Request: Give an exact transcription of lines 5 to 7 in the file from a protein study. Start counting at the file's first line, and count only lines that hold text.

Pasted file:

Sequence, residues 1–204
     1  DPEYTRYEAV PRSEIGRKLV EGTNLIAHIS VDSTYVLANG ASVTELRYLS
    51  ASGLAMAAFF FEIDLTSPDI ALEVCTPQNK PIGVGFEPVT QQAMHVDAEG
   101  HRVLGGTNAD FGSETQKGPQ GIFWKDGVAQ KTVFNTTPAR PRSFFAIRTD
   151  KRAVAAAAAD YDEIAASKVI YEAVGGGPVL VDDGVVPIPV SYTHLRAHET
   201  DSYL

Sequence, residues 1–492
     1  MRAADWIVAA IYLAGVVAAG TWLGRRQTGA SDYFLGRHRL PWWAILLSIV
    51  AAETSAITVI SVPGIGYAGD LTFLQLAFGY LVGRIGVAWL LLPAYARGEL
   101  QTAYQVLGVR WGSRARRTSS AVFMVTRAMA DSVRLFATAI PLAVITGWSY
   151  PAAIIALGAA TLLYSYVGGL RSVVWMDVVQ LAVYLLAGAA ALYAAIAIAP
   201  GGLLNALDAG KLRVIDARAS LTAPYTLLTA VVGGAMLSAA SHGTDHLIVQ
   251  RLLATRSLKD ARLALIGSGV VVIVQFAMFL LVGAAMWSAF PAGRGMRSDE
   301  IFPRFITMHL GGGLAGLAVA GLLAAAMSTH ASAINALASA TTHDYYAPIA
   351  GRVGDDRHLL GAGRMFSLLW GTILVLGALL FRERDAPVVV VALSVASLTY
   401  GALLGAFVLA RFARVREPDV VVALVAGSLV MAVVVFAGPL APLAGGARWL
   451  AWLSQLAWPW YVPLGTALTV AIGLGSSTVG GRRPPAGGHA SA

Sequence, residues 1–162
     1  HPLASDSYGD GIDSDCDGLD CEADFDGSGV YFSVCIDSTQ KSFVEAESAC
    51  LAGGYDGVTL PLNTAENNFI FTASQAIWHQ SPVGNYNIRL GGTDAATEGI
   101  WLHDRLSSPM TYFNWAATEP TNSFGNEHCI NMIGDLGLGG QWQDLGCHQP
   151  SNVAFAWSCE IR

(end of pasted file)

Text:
   151  KRAVAAAAAD YDEIAASKVI YEAVGGGPVL VDDGVVPIPV SYTHLRAHET
   201  DSYL

Sequence, residues 1–492